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Mind

Was Stephen Hawking’s Illness Psychosomatic? (No.)

NeuroskepticBy NeuroskepticMay 25, 2019 7:40 PM

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A paper in a peer-reviewed medical journal makes the suggestion that physicist Stephen Hawking’s disability, which famously confined him to a wheelchair and robbed him of his speech, was psychosomatic in nature.

Hmm. I think this says more about the author than it does about Hawking.

The paper is called Delusional Health Beliefs and it comes by British doctor Peter May. It was published a few days ago in the Medico-Legal Journal.

May begins the paper by discussing conversion disorder. This is the term for symptoms which appear to indicate physical illness but in fact are driven by a psychological cause.

May then drops the following bombshell:

I have to confess – and may be entirely wrong about this – that I have long been sceptical about Stephen Hawking’s diagnosis of motor neurone disease (MND). This is such an outrageous thought that I have until now largely kept it to myself to avoid opprobrium.

What is May’s basis for this claim? His main point, it seems, is that MND is a rapidly fatal disorder that appears in old people whereas Hawking’s illness was diagnosed at age 21 and he survived with his disease until the age of 76. As May puts it,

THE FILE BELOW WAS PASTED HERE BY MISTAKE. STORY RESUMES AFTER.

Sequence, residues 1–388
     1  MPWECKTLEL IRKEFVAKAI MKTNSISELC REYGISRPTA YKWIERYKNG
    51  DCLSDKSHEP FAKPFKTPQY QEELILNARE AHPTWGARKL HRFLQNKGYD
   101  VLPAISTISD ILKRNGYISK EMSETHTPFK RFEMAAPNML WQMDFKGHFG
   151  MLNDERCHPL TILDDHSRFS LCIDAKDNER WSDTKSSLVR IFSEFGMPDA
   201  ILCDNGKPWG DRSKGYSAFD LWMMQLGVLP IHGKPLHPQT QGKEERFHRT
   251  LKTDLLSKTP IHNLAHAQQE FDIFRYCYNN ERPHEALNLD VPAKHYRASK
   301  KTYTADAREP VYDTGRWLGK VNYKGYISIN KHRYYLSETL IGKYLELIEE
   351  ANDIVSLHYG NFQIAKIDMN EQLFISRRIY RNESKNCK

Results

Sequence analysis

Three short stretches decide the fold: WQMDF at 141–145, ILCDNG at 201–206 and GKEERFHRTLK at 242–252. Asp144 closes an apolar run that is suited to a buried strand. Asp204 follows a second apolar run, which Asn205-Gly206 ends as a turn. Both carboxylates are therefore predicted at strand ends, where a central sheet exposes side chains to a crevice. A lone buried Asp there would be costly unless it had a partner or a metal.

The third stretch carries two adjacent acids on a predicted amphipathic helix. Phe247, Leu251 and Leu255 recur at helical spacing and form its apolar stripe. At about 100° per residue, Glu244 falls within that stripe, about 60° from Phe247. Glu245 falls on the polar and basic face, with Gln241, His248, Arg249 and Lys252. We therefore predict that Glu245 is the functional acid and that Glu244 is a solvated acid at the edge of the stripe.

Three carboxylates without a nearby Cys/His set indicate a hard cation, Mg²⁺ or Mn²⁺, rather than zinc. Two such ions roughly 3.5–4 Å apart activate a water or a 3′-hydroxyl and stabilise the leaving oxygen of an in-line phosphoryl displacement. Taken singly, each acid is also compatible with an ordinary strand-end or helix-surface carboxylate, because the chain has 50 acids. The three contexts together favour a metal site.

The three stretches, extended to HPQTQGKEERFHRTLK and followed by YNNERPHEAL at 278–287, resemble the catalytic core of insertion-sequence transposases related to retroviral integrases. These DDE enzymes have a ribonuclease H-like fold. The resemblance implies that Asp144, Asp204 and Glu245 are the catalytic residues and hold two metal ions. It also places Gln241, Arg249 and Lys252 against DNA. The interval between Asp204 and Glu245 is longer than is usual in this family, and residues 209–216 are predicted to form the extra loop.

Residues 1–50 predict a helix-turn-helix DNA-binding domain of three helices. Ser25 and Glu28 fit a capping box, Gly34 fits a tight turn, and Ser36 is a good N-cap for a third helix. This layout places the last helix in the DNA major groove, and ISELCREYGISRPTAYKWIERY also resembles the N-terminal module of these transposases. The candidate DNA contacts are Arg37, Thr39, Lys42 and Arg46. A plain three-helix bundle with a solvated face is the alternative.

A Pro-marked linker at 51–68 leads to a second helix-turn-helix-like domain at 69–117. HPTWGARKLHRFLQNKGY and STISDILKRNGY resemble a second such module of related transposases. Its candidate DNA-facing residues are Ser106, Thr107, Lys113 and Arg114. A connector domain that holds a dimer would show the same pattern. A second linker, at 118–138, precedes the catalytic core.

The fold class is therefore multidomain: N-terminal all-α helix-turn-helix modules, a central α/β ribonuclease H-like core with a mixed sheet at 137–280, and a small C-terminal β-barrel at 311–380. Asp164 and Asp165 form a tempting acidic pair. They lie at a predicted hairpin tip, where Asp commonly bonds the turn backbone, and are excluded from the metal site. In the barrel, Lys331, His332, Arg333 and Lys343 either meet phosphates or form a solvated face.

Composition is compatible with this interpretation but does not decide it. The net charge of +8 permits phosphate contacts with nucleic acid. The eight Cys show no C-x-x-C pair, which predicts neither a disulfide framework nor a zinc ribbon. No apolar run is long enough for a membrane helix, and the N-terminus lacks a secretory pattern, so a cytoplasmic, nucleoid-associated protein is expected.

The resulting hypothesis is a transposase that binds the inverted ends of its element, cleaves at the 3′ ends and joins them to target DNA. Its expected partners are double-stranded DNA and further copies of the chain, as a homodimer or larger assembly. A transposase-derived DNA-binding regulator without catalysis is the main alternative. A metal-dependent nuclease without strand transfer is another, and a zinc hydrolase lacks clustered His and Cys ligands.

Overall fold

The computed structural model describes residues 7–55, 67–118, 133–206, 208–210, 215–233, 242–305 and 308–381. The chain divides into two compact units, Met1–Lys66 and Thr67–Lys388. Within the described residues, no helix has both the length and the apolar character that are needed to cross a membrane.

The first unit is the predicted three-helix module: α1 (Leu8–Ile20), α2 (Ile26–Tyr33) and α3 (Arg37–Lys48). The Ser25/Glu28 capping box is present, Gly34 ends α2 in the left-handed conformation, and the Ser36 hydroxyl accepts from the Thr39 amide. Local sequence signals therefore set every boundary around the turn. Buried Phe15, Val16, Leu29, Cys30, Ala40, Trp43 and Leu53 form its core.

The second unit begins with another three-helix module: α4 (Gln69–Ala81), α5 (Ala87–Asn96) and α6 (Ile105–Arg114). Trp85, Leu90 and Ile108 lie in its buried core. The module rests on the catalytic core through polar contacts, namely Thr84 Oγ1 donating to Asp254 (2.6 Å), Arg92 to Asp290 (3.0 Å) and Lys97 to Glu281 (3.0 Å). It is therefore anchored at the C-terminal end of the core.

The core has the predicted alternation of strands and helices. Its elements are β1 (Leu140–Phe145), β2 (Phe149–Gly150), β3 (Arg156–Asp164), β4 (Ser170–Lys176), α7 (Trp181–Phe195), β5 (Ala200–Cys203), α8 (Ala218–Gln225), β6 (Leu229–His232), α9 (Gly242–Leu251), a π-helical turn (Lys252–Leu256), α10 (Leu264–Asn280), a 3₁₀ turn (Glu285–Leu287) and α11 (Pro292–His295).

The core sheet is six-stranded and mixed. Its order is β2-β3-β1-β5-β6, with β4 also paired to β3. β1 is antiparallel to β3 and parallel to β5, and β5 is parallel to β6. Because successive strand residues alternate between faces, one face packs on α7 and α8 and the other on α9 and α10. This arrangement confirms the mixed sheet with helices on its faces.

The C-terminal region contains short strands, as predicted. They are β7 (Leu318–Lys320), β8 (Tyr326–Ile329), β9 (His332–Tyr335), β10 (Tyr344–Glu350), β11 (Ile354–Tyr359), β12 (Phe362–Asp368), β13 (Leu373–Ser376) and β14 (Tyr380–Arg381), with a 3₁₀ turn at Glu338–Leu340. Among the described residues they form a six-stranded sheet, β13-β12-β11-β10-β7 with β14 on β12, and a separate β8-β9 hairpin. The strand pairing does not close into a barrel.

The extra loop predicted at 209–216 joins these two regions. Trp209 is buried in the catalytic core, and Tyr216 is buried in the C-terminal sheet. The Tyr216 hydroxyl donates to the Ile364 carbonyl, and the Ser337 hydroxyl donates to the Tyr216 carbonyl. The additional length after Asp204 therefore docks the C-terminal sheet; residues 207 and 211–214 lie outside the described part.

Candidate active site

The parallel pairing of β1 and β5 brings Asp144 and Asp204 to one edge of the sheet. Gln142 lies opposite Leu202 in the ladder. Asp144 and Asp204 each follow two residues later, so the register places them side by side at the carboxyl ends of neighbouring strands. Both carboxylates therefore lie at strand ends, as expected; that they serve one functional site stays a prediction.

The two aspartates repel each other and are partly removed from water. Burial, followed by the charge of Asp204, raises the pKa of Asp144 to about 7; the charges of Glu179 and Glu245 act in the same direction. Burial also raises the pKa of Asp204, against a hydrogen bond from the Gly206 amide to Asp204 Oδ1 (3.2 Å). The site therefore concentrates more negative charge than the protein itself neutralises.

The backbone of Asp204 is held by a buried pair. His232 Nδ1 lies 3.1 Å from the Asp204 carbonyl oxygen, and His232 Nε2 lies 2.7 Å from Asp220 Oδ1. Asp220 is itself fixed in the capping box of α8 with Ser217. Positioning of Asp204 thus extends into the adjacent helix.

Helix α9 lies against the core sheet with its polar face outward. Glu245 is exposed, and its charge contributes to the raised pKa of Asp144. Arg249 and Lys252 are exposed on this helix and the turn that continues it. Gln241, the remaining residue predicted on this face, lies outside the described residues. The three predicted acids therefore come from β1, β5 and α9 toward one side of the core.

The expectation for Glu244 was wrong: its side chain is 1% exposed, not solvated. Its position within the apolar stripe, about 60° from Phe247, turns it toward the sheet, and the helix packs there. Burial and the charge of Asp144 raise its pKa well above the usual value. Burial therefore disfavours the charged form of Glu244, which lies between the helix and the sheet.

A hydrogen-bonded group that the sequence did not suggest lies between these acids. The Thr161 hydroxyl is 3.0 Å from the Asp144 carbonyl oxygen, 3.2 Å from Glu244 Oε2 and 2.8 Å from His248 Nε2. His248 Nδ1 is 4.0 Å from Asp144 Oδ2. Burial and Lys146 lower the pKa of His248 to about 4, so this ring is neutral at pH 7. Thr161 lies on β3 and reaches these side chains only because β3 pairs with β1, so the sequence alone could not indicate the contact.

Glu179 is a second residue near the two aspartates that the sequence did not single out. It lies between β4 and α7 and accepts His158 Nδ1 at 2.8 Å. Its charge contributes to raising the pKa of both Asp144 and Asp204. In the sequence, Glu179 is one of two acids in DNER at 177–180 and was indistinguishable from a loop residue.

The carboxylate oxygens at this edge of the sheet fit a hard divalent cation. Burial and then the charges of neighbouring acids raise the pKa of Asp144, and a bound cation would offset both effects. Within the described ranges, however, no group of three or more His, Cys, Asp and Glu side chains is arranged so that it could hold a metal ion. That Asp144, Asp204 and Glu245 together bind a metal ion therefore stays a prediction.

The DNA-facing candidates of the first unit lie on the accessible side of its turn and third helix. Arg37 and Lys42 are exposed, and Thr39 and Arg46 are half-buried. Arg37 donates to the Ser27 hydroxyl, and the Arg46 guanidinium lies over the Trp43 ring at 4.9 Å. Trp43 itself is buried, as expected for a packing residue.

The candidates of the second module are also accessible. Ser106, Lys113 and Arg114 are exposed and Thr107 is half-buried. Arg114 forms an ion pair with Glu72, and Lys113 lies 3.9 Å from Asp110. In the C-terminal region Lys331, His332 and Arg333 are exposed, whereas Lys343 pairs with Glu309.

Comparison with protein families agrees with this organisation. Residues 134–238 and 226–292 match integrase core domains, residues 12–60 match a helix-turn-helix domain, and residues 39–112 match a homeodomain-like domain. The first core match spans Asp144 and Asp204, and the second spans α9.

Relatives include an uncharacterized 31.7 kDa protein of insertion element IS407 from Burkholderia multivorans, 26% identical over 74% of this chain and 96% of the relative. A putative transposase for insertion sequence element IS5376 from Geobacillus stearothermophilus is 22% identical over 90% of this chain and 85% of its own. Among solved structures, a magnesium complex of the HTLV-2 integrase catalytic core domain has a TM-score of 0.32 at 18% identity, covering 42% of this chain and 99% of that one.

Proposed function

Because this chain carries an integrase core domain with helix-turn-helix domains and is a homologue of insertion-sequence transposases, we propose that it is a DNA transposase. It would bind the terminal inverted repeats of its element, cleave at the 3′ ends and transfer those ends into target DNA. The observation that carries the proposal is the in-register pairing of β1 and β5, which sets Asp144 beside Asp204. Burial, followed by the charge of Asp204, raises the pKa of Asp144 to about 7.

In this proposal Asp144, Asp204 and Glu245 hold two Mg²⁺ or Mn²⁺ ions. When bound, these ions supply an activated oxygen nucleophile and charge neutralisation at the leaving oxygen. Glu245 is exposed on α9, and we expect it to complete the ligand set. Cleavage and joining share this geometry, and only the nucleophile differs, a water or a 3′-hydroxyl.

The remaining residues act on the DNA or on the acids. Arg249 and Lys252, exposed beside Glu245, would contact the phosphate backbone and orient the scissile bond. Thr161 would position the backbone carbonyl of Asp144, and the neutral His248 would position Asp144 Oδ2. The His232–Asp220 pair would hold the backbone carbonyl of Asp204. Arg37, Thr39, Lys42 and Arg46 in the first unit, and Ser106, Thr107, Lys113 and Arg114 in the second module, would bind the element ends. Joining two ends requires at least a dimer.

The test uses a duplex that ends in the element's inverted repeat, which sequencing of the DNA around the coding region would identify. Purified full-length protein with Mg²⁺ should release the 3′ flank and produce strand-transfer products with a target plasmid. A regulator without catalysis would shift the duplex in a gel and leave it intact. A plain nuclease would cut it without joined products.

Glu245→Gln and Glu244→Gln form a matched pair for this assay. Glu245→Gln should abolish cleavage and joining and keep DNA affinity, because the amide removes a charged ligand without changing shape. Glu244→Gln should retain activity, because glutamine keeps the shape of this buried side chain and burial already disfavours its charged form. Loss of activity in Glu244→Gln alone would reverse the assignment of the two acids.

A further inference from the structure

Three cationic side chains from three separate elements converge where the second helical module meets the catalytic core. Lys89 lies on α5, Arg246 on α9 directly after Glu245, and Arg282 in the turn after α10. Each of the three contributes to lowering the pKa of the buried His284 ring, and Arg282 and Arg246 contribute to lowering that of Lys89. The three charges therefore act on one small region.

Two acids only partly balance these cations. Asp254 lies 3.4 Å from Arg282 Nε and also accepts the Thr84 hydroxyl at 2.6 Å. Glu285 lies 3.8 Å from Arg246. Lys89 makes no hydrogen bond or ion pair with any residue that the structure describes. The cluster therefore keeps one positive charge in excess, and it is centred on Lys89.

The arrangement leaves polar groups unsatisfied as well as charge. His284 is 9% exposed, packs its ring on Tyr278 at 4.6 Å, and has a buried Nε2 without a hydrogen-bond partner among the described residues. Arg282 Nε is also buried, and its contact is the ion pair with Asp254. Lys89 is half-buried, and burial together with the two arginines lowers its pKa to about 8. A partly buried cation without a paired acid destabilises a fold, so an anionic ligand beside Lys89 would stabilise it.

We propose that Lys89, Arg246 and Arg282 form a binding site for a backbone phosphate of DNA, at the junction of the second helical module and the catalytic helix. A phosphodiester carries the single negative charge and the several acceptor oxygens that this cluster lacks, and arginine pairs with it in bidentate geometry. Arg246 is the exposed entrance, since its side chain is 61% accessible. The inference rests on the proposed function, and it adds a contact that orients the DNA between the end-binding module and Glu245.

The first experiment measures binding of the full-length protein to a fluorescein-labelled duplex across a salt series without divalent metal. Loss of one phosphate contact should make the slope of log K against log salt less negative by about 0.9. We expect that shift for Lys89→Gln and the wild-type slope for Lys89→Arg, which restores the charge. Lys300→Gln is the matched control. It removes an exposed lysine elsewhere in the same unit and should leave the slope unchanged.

I have known several people with MND, patients and friends. None of them were young. They all deteriorated rapidly and they died within about two years of diagnosis. This is a disease of older people, which is relentlessly progressive and invariably fatal.

This is a pretty weak argument. It has long been noted that Hawking was atypical of MND patients but this does not mean that he did not have MND. MND is a disorder with variable presentation, and there are other atypical cases on record who survived for decades.

While there do seem to have been neurologists who have doubted Hawking’s MND diagnosis over the years, to my knowledge it was never suggested that his illness was psychosomatic, but rather that he actually suffered from another neurodegenerative disorder such as spinal muscular atrophy.

The rest of May’s argument is based on supposed implausible elements in Hawking’s story of his original MND diagnosis, and contradictions between his autobiography and the 2014 movie about his life (The Theory of Everything), but this is not very convincing.

Perhaps the low point of the paper is where May implies that actor Eddie Redmayne’s ability to simulate MND symptoms while playing Hawking in the movie means that Hawking himself might have been (unconsciously?) simulating them:

After seeing the film, I reflected that even if he had previously observed people with this disease, [Hawking] could never have mimicked it. Until it dawned on me that Eddy Redmayne had done exactly that.

Overall, it’s a bit of a shocker that this kind of weak speculation was published in a seemingly respectable academic journal.

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